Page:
Galaxy Note 9 vs iPhone X: Apple Wins Again

The ongoing clash for smartphone supremacy between Apple and Samsung is entering a new round. After Apple's iPhone X was able to (just barely) beat out the Galaxy S9, Samsung has prepared a new contender.

The newly unveiled Galaxy Note 9 features a more powerful S Pen, smarter cameras, bigger battery and a desire to beat the iPhone X at its own game. How well does Samsung's new phone stand up to Apple's class-leading flagship? To find out, we pitted the Note 9 against the iPhone X in seven key categories.

Here's how the two phones fared in our face-off.

Galaxy Note 9 vs. iPhone X Specs

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Row 0 - Cell 0 Galaxy Note 9iPhone X
Price$999, $1,249$999, $1,149
Screen Size (Resolution)6.4 inches (2960 x 1440)5.8 inches (2436 x 1125)
CPUSnapdragon 845A11 Bionic
RAM6GB, 8GB3GB (based on teardowns)
Storage128GB, 512GB64GB, 256GB
microSD?Yes, up to 512GBNo
Rear CameraDual 12-MP (f/1.5-f/2.4)12-MP wide-angle (f/1.8); 12-MP telephoto (f/2.4)
Front Camera8-MP (f/1.7)7-MP (f/1.7)
Battery4,000 mAh2,716 mAh (based on teardowns)
Battery Life (Hrs:Mins)11:2610:49
Size6.3 x 3 x 0.34 inches5.7 x 2.8 x 0.3 inches
Weight7.1 ounces6.1 ounces
ColorsLavender Purple, Ocean BlueSilver, Space Gray


If you've seen the Galaxy Note 8, then you know exactly what the Galaxy Note 9 looks like. Samsung kept the same design with this latest model, with only two significant changes. The display is a smidge larger — the Note 9 has a 6.4-inch screen, instead of the 6.3-inch panel on the Note 8 — and Samsung moved the fingerprint sensor to just under the dual rear cameras.

The Note 9 features more color, too, with the phone available in Lavender Purple and Ocean Blue models. That's a bit more striking than the staid silver and space-gray versions of the iPhone X.

But colors are about the only thing that's boring with the iPhone X's design. Apple introduced a completely new look when it unveiled the iPhone X last fall, one that Android phone makers have been quick to copy. Opinions may vary about the notch on the front panel of the phone, which houses the groundbreaking TrueDepth camera while also letting Apple squeeze in more screen real estate. But even critics would have to acknowledge it gives the iPhone X a distinctive look that stands out from the unremarkable slabs other phone makers have churned out recently.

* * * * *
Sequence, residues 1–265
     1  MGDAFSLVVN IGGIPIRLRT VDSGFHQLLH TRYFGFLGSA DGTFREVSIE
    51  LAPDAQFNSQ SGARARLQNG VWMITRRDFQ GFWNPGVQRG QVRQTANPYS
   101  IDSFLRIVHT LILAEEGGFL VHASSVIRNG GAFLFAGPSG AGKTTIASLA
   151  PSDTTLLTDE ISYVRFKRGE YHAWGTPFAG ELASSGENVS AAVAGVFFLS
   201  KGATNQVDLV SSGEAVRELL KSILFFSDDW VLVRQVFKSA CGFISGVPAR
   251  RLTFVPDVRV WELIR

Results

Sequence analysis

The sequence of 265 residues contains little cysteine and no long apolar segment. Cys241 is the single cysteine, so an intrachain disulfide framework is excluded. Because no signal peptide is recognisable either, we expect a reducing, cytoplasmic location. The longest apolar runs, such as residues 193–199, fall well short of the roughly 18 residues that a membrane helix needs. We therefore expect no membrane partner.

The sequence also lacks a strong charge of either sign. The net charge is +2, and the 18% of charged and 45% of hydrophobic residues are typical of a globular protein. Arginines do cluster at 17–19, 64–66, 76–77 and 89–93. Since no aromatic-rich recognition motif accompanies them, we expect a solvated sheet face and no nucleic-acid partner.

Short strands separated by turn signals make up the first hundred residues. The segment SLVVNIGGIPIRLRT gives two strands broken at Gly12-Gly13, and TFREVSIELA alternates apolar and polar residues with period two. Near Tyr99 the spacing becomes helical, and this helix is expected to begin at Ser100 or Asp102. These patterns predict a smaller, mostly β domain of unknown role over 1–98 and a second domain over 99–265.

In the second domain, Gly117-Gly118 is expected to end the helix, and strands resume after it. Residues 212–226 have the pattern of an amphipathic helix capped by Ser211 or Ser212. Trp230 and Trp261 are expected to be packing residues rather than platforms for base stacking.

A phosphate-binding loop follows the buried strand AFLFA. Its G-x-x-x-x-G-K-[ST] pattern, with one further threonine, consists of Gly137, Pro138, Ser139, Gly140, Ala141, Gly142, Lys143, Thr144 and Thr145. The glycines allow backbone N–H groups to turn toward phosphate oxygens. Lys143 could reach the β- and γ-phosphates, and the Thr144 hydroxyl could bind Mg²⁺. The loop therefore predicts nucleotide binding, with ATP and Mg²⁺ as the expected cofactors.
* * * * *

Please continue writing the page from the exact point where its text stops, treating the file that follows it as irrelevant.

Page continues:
Apple iPhone X

The iPhone X may top the Note 9 for look and feel, but there's one design element it can't match. Samsung's new phone continues to offer a headphone jack, something Apple abandoned in 2016. Mark that as a point in the Note 9's favor.

Winner: iPhone X


Both the iPhone X and Note 9 use OLED panels, and Samsung is betting that bigger is better. The Note 9 offers a 6.4-inch display with 2960 x 1440 resolution, topping the iPhone X's 5.8-inch screen and its 2436 x 1125 resolution.

The Note 9 has the brighter screen of the two phones, registering 604 nits on a light meter, compared with 474 nits for the iPhone X. (That said, when we sat both phones side by side to watch the same movie trailer, the iPhone looked plenty bright, with more intense whites.) The Note 9's screen reproduced 224 percent of the sRGB color gamut, handily beating the iPhone's 128.6 percent score. Based on Delta-E ratings, though, the colors on the iPhone X are more accurate, as its 0.27 score was slightly better than the Note 9's 0.34 rating. (Numbers closer to zero are better.)